Published on June 29th, 2017 | by Joshua S Hill0
UK’s Low-Carbon Transition At Risk Due To Lack Of Government Action
June 29th, 2017 by Joshua S Hill
A lack of government action on climate change is putting the United Kingdom’s transition to a resilient, low-carbon economy in danger of being derailed, according to a new warning voiced this week by the country’s Committee on Climate Change.
The UK’s Committee on Climate Change (CCC) was set established back in 2008 under the Climate Change Act as a means to advise the UK Government and Developed Administrations on emissions targets, and to report to Parliament on progress made in reducing the country’s greenhouse gas emissions and preparing for climate change. The UK has made good progress, at least as the figures show. Greenhouse gas emissions are around 42% lower than they were in 1990, and around half of the way to the 2050 commitment to reduce emissions by at least 80% on 1990 levels. Similarly, even though emissions have fallen, GDP has continued to increase by more than 65% over the same period, while total household energy bills have fallen compared to 2008, when the Climate Change Act was passed. Earlier this year the CCC published a report which showed that UK emissions are down, as are household energy bills — dispelling some of the myth that work to combat climate change need not impact the consumer where it hurts them the most, on their household energy bills.
The UK has also taken steps to address the risk of climate change, such as improving river and coastal flood defenses, and improving the resilience of energy, transport, and water infrastructure to severe weather.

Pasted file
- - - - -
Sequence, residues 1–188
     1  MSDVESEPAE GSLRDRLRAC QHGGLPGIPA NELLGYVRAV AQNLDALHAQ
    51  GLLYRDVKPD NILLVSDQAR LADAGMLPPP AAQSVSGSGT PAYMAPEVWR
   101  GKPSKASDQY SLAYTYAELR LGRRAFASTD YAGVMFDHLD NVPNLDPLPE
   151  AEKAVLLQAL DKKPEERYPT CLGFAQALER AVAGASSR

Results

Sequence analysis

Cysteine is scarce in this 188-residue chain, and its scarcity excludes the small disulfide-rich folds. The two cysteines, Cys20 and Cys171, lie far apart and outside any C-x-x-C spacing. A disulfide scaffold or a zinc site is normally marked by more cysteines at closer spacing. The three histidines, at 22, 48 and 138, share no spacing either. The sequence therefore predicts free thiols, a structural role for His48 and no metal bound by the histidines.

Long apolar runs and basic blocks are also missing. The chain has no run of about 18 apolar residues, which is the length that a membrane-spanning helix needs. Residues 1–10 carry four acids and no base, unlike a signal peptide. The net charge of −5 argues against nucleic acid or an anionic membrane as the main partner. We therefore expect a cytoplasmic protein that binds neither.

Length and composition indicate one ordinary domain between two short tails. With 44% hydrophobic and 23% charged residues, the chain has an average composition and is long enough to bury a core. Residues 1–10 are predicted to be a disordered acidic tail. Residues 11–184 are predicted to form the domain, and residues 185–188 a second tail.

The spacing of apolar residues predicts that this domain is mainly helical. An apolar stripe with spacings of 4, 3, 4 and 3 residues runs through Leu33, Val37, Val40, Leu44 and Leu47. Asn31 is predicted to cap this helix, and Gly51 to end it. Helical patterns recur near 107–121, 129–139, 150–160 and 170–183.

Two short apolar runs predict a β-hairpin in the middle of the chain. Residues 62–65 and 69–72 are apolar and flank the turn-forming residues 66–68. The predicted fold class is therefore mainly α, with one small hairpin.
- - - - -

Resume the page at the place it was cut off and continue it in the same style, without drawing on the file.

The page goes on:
However, this week, the CCC has voiced concerns that a lack of Government action on climate change is threatening the country’s transition to a resilient and low-carbon economy.
“The impact of climate change on our lives and those of our children is clearer than ever,” said CCC Chairman, Lord Deben. “The UK has shown global leadership on climate change, but progress will stall at home without urgent further action. New plans, for a new Parliament, are needed as a matter of urgency to meet our legal commitments, grasp the opportunities offered by the global low-carbon transition, and protect people, businesses and the environment from the impacts of a changing climate.”
Since 2012, greenhouse gas emission reductions have primarily happened only in the power sector, whilst emissions from the country’s transport and building stock are increasing. The CCC contends that “The overall state of our natural environment is worsening, reducing its resilience to climate change.” Further, recent storms across the country have revealed that the UK’s national infrastructure is still vulnerable to severe weather, and now that we are ten years on from the 2007 floods, the risks of surface water flooding in the UK’s towns and cities still have not been addressed.
All of these warnings and issues are laid out in the CCC’s statutory 2017 Report to Parliament, and sets out the following recommendations:
- Urgently delivers a plan to continue reducing emissions across the economy. It is no longer justified or wise to delay the publication of the emissions reduction plan required by law. The plan must address the gap between Parliament’s agreed targets and the impact of existing policies, including: plans to bring forward additional low-carbon electricity generation through the 2020s; accelerate the uptake of electric vehicles; provide a path for the uptake of low-carbon heat and set out a strategy for deploying carbon capture and storage technology.
- Strengthens the UK’s National Adaptation Programme (NAP) in the first half of 2018. The new program, which drives action to prepare for climate change impacts, must address priority areas: flood risks to homes and businesses, risks to the natural environment, including to soils and biodiversity, and risks to human health and wellbeing from higher temperatures. The next NAP must be more ambitious, with policies that make a measurable difference and with clearer mechanisms to track progress.